Monday, 14 May 2012
It takes an awful lot of understanding and compromise to make such a marriage work.
For the most part, I think I have adjusted well to life in Turkey for almost 14 years. I embrace a lot of the differences. I like the way the Turkish people are so welcoming, so willing to go the extra mile to help you if you have a problem, so unlike the indifference I often experienced when living in the UK.
I like the neighbourliness..not just in villages where it's almost expected, but in every area where we have lived. They welcome you to their community. They bring you produce from their gardens, food they have cooked, and I enjoy returning the favours.
There are some things though which I find difficult to live with. If you marry a Turk, you marry his family. Of course there are positives to this but some foreign women find it suffocating and often this can be the cause of the marriage breaking down.
I consider myself fortunate that we have never lived close to Mr A's family, so there has been no interference. We have just lived our own lives without being controlled by his family.
Things changed when we moved to this village, to the house "given" to us by my FIL. As much as he insists that this is our home, it doesn't actually feel like it. His name is still on the deeds, as it also is on the houses he has given to his two other children. It really means that he can come and go as he pleases.
In theory I don't have a problem with welcoming Mr A's family to stay in our home (even thought FIL and I dislike each other), but I do find it difficult to come to terms with the way in which Turkish families can turn up whenever they feel like it, often without prior warning, and stay as long as they like. It is really not the done thing to ask them when they are coming or how long they will stay. According to Mr A to do so would cause offence, and would show lack of respect.
Last week Mr A mentioned that FIL would be bringing Mr A's grandfather here for a visit. Seeing how distraught Mr A was, and still is, over the recent death of his elderly grandmother, I certainly felt that this was a good idea, and of course will make him welcome. The fact that I have to also put up with the spitefulness of FIL at the same time, isn't a pleasant prospect, but I will rise above it.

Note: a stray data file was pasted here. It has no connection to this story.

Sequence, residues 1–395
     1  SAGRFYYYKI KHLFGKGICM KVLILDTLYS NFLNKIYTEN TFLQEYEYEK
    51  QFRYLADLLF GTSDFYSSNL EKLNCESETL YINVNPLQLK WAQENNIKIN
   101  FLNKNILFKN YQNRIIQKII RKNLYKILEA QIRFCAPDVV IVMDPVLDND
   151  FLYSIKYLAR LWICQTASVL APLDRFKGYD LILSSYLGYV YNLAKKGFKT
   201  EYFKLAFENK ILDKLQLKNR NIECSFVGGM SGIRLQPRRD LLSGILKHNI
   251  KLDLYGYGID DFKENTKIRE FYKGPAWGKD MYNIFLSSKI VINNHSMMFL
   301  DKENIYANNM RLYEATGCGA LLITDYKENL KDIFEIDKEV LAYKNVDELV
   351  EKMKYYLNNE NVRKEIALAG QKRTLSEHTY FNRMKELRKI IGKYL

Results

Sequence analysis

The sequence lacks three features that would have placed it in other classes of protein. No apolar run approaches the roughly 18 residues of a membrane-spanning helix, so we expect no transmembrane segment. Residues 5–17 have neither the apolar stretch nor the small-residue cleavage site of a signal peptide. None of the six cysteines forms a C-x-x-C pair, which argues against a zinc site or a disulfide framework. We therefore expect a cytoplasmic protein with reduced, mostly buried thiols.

The problem lies with the fact that we have no idea when they are coming. I have a couple of friends who would like to come and stay, at different times, but I can't make plans to accommodate them because I don't know when FIL and GFIL will be here.
I have tried to get Mr A to ask his father to give some idea when they will be coming, but he won't ask, because he feels, like most Turks, that families are entitled to come and go to each others homes as and when they like. I suggested that I ring his father to ask, tactfully of course, but Mr A insists that this is rude, that his father will take offence and not come. Which means of course that grandfather won't be coming either...and for Mr A's sake, I don't want that to happen.
Mr A says family are more important than friends. Of course I agree up to a point, but my friends are important to me, particularly those living in different parts of this country. They make up in many ways for the lack of time spent with my own family.
So I asked Mr A what would happen if I invited friends to stay and his family turn up while they are here. He can't see that it's a problem. He says they can all stay. We only have one spare bedroom, so where would they all sleep? You see, the Turks have no problem at all with filling a room full of people, happy to sleep on the floor. I admire the way they are so adaptable, but I can't live like this, and I can't expect my friends to be squashed into a room to sleep with people they don't know. They, like me, would expect more privacy.
So...it's a problem. One I can't seem to overcome, however hard I try.
Am I being unreasonable? I'm beginning to think I haven't adapted so well to this life as I thought I had.
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